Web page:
The word drill is a noun. Drill means (1) (military) the training of soldiers to march (as in ceremonial parades) or to perform the manual of arms, (2) systematic training by multiple repetitions, (3) similar to the mandrill but smaller and less brightly colored, (4) a tool with a sharp point and cutting edges for making holes in hard materials (usually rotating rapidly or by repeated blows).
Drill is also a verb that means (1) train in the military, e.g., in the use of weapons, (2) undergo military training or do military exercises, (3) learn by repetition, (4) teach by repetition, (5) make a hole with a pointed power or hand tool.
The following articles and web pages elaborate on the word drill.
A drill bit is the removable cutting part of the drill and comes in a variety of sizes, materials, and point styles. Visit this site to learn about the different types of drill bits.
Cordless drills are practical and convenient for places where outlets are not readily available. Visit this site to learn about the similarities and differences between cordless and corded drills.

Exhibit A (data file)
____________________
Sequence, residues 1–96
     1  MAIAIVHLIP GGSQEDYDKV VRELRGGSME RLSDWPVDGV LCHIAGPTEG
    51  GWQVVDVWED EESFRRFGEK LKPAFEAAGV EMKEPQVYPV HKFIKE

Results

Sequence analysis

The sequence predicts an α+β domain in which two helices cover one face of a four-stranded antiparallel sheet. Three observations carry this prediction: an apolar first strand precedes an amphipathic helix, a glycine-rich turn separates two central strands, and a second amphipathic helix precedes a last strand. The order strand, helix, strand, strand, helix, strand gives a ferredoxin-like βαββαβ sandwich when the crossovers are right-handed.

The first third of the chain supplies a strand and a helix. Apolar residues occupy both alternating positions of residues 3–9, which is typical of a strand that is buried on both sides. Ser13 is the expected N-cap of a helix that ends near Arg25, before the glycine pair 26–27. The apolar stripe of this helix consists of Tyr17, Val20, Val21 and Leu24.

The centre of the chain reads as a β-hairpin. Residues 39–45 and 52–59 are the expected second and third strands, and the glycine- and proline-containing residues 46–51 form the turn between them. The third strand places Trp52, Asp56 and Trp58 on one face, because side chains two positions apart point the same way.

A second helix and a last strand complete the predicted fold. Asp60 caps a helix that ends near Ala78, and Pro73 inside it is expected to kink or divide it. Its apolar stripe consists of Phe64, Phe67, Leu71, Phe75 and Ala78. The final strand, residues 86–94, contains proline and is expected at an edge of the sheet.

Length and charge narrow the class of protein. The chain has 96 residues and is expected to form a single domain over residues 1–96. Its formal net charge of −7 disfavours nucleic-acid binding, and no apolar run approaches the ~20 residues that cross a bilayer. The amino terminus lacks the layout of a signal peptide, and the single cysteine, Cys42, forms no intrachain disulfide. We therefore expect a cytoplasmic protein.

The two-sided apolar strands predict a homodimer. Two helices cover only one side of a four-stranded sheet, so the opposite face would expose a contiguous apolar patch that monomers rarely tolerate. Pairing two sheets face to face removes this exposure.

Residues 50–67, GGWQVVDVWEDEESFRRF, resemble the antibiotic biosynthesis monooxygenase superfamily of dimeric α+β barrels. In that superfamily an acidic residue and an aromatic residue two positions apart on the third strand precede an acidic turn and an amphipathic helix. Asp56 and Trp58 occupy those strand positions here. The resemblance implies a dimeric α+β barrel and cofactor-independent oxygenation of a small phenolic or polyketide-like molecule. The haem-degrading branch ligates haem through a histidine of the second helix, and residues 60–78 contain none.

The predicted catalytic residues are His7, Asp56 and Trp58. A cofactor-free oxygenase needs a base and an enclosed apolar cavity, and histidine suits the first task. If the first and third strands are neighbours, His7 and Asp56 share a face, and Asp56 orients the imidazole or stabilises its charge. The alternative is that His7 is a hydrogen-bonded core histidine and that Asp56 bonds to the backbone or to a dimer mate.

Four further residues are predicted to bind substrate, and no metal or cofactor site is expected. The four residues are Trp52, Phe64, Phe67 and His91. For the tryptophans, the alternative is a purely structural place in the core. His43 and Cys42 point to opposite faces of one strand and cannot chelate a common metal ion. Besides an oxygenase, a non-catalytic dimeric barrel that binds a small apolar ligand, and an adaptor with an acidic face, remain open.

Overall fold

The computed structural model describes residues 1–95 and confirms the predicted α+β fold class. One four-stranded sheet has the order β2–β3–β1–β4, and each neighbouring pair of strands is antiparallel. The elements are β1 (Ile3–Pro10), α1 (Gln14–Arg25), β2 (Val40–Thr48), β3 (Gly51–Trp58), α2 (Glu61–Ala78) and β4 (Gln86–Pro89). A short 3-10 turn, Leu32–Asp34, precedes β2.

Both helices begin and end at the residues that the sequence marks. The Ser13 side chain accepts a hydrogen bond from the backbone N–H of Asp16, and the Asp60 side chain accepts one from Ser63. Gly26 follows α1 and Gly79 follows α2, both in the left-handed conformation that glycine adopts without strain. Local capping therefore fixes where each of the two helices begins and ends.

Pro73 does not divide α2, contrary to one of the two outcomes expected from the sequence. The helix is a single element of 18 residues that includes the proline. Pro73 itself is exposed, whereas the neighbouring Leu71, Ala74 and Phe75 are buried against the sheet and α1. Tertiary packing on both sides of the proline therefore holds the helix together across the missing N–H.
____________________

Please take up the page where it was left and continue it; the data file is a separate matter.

This dental clinic page comprises information about dentist careers in the United States of America plus a photo of a dentist and his assistant using a dentist drill on a patient.
Power tools include tools used to drill, cut, and shape. This power tool glossary provides information about different power tools as well as links to power tool suppliers.
The following articles provide recent drill-related news.
Democratic Republic of Congo's plan to drill for oil in national parks could leave thousands of farmers and fishermen who rely on the land in a struggle to survive, rights groups said Monday. ...
Voice of America. Monday, 16 Jul 2018 17:07:41 -0400.
Singapore and Malaysia's marine authorities carried out an exercise off Pulau Ubin yesterday to see how they would deal with a collision between two tankers that sends 500 tonnes of a highly flammable chemical into the sea.
Straits Times. Friday, 13 Jul 2018 05:00:00 +0800.
The following digital image illustrates the word drill.